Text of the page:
At the beginning of 1600 Baldi tried to publish some of his literary works, but only some of these were published, in Pavia and in Parma. In the meantime he became acquainted with Francesco Maria II Duke of Urbino, who commissioned him to write a biography of Federico of Montefeltro. The favor he had found with the Duke, and the problems caused by his position as abbot, provoked him in 1609 to leave Guastalla and take up employment at the Duke's court. In his new position he was charged with important tasks: in 1612, as ambassador of the Duke, he traveled to Venice to attend the ceremony of the proclamation of the new Doge. In those years some of his works were published in Germany, including his two books on Vitruvius – thanks to the intervention of Marcus Welser – and his translation of Hero's Belopoeica, the last of his works to be published while he was still alive. During the last years of his life Baldi wrote a biography of Guidobaldo I Duke of Urbino, who succeeded Federico of Montefeltro, and dedicated all his efforts to the composition of a massive geographical encyclopedia, which remained incomplete at the time his death on October 10, 1617.
Bachet de Meziriac, Claude-Gaspar
1. Dates: Born: Bourg-en-Bresse, 9 October1581; Died: Bourg-en-Bresse, 26 February 1638; Datecode: Lifespan: 57
2. Father: Aristocrat; Government Position. The honorable Jean Bachet, from an ancient and noble family, appeals judge in Bresse, the highest judicial official in the province, and counselor to Henry II. He died when Bachet was six. It seems clear that he grew up in wealthy circumstances
3. Nationality: Birth: Bourg-en-Bresse, France; Career: France; Death: Bourg-en-Besse, France
4. Education: Pad He had his early education in a house of the Jesuit order of the Duchy of Savoy. Probably studied in the Jesuit school in Lyons. Presumbly studied in Padua and may have been taught in a Jesuit School in Milan or Como.
5. Religion: Catholic. Bachet jointed the Jesuit order at the age of twenty. He did the premiere classe at Milan, but then fell ill and left the order (1602).
6. Scientific Disciplines: Mathematics
Contribution to the theory of numbers and to the field of mathematical recreations. He discovered a method of constructing magic squares.
7. Means of Support: Personal Means. 1602: After returning from Italy, he retired to his home in Bourg-en-Bresse, where he resolved to lead a life of leisure. He had a substantial estate, which yielded an annual rest of 5-6,000 livres at first, but increased to 8-10,000 upon the death of his elder brother. He married in 1612 and pursued a quiet home life thereafter. He was in Paris 1619-20.
8. Patronage: None; Bachet shunned public office. When he was in Paris, it was suggested that he be tutor to Louis XIII. He hastily departed from the court.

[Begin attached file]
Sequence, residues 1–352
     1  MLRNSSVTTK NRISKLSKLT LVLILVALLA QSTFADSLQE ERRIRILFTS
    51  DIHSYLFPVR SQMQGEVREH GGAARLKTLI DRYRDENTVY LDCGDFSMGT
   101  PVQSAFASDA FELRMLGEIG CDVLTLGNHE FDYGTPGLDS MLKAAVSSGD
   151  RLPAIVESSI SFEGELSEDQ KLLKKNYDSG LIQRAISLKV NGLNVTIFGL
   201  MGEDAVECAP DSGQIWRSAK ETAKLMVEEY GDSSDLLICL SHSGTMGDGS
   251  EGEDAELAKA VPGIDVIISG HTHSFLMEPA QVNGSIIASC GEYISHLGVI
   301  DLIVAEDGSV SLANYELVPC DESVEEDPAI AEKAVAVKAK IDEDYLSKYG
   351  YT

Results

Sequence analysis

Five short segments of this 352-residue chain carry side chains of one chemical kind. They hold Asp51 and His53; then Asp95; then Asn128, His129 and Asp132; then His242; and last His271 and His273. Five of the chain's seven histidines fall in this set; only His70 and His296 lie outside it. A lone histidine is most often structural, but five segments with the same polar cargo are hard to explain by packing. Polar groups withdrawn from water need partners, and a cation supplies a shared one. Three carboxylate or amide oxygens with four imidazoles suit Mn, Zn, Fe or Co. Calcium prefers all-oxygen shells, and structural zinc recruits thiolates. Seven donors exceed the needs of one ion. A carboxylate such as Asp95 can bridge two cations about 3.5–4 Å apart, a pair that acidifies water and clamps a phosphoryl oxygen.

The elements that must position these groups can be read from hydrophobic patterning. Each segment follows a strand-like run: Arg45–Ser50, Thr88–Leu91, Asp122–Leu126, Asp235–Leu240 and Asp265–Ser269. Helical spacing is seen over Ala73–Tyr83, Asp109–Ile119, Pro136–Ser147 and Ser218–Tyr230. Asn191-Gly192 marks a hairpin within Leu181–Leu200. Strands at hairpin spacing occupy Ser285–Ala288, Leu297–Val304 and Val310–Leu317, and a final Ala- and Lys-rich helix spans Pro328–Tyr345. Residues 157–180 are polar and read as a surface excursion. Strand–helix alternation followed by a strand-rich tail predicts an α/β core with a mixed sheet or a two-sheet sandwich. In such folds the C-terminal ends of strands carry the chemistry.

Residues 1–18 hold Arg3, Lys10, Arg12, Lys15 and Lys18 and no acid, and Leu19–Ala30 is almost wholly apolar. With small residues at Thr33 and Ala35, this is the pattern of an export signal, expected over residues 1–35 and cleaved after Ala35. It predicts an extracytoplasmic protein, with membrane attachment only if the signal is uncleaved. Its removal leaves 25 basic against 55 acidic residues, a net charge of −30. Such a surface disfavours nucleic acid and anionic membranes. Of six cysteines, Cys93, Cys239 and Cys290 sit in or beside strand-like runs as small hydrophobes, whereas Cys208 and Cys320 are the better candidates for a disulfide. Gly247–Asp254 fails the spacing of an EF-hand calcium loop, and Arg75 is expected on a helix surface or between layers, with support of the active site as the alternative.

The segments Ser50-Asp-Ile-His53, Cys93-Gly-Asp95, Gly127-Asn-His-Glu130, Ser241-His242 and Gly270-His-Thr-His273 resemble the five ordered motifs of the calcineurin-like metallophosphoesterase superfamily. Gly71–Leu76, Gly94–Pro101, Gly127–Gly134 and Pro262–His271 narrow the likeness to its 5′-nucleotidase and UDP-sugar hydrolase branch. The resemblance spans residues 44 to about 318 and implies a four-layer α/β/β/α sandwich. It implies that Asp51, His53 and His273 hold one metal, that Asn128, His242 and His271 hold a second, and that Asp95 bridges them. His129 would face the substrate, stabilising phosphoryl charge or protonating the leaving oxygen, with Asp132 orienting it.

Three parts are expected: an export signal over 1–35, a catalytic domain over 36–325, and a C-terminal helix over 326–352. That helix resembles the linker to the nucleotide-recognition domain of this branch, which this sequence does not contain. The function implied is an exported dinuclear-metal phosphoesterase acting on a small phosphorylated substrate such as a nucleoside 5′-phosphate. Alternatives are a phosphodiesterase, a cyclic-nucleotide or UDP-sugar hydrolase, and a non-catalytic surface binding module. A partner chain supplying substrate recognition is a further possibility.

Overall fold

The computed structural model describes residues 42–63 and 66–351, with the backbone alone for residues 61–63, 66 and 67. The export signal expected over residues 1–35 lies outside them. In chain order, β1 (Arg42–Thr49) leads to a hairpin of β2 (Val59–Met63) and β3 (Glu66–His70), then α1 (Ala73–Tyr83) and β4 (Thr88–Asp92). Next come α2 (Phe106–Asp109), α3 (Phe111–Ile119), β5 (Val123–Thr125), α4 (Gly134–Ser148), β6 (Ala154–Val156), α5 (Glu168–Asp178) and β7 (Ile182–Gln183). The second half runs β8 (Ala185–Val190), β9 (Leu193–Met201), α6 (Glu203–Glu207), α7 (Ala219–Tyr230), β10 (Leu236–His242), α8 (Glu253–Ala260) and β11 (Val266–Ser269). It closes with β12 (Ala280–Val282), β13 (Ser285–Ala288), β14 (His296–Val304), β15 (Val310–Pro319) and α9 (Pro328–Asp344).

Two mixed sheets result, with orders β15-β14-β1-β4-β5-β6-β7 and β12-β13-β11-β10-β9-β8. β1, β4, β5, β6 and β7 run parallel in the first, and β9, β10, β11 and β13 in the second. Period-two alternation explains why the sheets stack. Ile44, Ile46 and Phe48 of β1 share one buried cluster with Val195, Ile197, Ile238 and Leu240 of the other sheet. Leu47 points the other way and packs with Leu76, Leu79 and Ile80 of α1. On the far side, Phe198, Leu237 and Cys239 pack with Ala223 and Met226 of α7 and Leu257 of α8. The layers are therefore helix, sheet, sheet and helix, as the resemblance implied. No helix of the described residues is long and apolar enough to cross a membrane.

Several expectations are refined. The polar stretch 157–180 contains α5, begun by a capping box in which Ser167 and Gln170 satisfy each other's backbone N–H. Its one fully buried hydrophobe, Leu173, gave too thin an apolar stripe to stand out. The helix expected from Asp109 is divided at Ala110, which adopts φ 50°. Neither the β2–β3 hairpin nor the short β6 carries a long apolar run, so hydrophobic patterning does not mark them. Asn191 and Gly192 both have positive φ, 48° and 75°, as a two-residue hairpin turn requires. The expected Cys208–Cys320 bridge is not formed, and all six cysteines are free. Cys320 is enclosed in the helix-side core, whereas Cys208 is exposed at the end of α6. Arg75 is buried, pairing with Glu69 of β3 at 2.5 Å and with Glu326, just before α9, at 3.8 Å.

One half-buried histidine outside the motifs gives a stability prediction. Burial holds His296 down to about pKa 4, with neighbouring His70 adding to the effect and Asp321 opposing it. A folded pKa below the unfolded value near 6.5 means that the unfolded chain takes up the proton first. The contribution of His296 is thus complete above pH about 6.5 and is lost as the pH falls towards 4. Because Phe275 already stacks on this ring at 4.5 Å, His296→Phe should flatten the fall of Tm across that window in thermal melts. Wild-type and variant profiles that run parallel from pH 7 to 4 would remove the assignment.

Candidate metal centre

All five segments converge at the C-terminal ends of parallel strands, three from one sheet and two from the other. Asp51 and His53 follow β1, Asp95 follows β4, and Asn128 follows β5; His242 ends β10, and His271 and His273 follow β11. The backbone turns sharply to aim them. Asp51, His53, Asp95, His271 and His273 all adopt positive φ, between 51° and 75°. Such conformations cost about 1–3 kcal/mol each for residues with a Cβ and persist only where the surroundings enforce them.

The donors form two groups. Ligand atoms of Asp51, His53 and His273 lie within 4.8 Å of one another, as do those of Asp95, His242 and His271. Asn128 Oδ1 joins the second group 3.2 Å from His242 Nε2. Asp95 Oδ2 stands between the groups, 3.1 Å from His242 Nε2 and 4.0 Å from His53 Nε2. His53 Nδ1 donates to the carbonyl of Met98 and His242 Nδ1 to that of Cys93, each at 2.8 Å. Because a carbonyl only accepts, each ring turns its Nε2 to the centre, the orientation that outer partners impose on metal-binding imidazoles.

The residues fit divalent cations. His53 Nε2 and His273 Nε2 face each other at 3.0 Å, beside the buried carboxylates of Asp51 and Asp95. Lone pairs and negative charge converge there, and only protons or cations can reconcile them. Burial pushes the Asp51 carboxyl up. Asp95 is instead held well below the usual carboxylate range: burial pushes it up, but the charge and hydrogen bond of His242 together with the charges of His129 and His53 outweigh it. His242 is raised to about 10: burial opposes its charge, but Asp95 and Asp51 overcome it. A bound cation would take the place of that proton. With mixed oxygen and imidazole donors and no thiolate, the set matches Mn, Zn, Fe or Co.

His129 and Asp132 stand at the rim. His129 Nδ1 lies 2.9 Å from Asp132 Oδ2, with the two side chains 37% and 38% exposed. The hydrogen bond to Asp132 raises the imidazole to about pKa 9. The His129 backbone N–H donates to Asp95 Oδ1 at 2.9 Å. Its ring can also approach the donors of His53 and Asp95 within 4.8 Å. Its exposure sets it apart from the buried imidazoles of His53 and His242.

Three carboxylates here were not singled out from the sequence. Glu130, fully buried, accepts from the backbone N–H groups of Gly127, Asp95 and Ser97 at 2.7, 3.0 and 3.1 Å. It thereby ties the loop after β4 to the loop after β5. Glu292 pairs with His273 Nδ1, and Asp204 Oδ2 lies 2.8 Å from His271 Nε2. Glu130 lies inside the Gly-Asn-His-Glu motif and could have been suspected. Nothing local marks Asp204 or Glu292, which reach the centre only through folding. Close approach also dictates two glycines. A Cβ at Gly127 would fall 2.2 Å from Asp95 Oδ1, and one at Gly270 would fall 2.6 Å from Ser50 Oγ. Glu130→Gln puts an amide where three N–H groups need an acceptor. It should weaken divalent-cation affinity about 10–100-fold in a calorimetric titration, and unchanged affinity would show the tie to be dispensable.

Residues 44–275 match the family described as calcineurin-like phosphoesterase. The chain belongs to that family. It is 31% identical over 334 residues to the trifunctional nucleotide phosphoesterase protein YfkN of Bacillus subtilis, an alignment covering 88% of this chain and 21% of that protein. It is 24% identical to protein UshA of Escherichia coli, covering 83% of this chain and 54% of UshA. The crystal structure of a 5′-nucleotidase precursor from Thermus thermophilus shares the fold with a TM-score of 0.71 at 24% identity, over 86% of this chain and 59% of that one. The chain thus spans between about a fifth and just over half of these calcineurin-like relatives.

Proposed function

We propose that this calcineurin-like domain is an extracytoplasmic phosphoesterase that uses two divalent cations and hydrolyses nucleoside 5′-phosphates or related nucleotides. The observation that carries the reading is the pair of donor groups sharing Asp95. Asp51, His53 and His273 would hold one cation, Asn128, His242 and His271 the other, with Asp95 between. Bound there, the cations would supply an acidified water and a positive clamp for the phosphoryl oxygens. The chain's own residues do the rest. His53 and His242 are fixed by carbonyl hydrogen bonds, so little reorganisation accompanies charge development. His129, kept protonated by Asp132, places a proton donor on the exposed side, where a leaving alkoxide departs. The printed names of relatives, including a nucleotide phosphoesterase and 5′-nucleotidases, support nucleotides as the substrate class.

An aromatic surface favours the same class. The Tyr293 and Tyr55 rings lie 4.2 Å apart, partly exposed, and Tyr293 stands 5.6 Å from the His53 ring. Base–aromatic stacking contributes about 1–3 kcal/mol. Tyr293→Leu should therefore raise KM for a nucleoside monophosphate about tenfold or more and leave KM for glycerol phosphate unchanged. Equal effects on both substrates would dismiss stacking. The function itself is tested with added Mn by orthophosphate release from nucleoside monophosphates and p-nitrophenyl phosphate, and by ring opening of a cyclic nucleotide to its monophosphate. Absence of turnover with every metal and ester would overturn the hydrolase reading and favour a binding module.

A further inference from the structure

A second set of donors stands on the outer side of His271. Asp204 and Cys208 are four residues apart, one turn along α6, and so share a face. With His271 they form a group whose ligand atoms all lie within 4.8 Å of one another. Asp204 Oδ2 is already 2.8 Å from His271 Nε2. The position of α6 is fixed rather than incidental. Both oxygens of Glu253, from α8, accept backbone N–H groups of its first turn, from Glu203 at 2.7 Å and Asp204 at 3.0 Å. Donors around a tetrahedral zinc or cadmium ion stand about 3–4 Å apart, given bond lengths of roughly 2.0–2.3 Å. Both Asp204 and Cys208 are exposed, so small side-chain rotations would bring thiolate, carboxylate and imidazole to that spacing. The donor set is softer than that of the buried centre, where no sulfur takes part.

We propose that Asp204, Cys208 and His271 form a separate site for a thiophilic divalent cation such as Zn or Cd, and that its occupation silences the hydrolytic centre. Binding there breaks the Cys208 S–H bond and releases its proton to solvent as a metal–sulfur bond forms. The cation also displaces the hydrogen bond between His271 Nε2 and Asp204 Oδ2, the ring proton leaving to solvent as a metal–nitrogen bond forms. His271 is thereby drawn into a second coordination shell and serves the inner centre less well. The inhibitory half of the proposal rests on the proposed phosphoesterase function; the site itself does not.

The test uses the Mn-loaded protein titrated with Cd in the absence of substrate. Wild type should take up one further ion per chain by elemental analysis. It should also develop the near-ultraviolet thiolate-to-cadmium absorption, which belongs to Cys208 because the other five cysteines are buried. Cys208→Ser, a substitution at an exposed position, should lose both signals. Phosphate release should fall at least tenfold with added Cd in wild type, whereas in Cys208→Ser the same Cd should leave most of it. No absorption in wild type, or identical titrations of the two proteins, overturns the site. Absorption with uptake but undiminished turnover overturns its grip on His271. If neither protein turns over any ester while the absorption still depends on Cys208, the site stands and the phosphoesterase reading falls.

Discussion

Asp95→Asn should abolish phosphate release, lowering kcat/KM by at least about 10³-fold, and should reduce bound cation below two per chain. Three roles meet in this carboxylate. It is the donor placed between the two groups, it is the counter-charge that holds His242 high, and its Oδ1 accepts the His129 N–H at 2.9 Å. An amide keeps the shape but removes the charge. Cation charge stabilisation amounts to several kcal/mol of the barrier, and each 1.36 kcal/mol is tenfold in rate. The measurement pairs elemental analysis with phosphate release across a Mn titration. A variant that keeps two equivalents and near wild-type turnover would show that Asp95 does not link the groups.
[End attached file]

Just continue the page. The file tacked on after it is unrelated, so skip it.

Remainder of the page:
9. Technological Connections: None.
10. Scientific Societies: Member of the Académie Francaise, 1635.
C.G. Collet and Jean Itard,' Un mathematician humaniste: Claude-Gaspar Bachet de Meziriac, 1581-1638,' Revue d'histoire des sciences, 1 (1947), pp.26-50. Roman d'Arrat, Dictionnaire de biographie Françcaise, 4, (Paris, 1948), col 1077-9. J.P. Niceron, Memoires pour servir a l'histoire des hommesillustres, 6, 1-12.
Bachmann, Augustus Quirinus [Rivinus]
1. Dates:Born: Leipzig, Germany 9 December 1652; Died: Leipzig, Germany 20 December 1723; Datecode: Lifespan: 71
2. Father: physician and professor; I assume he was prosperous.
3. Nationality: Birth: German; Career: German; Death: German
4. Education: University of Leipzig; M.A. University of Helmstaedt; M.D.; Secondary Means of Support: private tutors. Studied at University of Leipzig; l669 matriculated; 16 April 1670 Bachelor of philosophy; 15 Jan? 1671, M.A. Continued at University of Helmstaedt; 15 October 1676, MD.
5. Religion: Lutheran. Wrote manuscript Vom Brauch und Missbrauch der Kirchen.
6. Disciplines: Botany; Subordinate Disciplines: pharmacology, astronomy. He wrote a couple of treatises; blinded himself by looking at sunspots.
7. Means of Support: Academic; Medical Practioner; 1677, became University of Leipzig lecturer in medicine. 1688, became part of Leipzig medical faculty. 1691, appointed to U. of Leipzig chair of physiology, appointed to U. of Leipzig chair of botany. Made head of medical garden at University. 1701, became Senior der Facultaet. Became professor of pathology. 'Collegiat des Grossen Fursten Collegio.'; 'Decemvir bei der Academie.'; 1719, became professor of therapeutics. Made dean perpetual. (These positions were held in parallel.)